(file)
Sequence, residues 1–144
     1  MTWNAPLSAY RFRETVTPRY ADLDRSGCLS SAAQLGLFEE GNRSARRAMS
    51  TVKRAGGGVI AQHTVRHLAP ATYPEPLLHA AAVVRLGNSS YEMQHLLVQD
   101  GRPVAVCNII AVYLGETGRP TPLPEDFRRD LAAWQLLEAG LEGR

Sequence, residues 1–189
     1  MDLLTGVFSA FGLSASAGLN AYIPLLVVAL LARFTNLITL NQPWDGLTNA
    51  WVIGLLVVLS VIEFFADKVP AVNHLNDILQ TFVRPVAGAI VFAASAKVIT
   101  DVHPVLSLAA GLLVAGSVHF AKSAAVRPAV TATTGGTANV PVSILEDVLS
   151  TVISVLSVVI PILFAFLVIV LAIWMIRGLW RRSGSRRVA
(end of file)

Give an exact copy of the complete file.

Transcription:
Sequence, residues 1–144
     1  MTWNAPLSAY RFRETVTPRY ADLDRSGCLS SAAQLGLFEE GNRSARRAMS
    51  TVKRAGGGVI AQHTVRHLAP ATYPEPLLHA AAVVRLGNSS YEMQHLLVQD
   101  GRPVAVCNII AVYLGETGRP TPLPEDFRRD LAAWQLLEAG LEGR

Sequence, residues 1–189
     1  MDLLTGVFSA FGLSASAGLN AYIPLLVVAL LARFTNLITL NQPWDGLTNA
    51  WVIGLLVVLS VIEFFADKVP AVNHLNDILQ TFVRPVAGAI VFAASAKVIT
   101  DVHPVLSLAA GLLVAGSVHF AKSAAVRPAV TATTGGTANV PVSILEDVLS
   151  TVISVLSVVI PILFAFLVIV LAIWMIRGLW RRSGSRRVA